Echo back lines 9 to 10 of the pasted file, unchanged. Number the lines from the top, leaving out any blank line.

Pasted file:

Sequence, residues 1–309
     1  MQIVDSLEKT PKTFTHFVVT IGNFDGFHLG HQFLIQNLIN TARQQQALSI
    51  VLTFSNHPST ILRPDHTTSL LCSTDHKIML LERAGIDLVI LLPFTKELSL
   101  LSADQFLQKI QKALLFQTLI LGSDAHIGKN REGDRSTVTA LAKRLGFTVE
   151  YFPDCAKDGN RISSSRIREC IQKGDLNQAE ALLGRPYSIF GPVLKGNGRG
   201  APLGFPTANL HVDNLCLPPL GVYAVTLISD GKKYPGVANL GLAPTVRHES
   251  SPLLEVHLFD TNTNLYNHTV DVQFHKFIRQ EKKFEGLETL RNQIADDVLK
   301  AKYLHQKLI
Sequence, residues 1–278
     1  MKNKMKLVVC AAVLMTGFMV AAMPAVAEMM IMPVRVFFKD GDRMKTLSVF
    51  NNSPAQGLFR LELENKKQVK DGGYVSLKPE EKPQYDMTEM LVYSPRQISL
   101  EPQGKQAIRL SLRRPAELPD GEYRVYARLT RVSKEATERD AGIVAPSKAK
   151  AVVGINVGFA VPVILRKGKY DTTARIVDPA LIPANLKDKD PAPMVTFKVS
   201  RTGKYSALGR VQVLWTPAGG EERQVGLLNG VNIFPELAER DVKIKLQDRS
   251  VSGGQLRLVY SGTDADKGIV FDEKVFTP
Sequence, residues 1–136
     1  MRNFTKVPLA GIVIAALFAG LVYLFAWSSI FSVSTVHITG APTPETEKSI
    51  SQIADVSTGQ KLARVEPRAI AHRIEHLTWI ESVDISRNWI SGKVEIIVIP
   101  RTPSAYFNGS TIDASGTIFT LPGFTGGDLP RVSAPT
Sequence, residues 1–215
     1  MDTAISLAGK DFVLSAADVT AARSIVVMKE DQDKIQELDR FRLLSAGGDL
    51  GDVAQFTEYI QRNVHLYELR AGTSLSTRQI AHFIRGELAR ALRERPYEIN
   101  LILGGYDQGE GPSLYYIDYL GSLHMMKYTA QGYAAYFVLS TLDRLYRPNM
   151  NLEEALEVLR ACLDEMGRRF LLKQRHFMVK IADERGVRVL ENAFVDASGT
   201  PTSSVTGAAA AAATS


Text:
Sequence, residues 1–278
     1  MKNKMKLVVC AAVLMTGFMV AAMPAVAEMM IMPVRVFFKD GDRMKTLSVF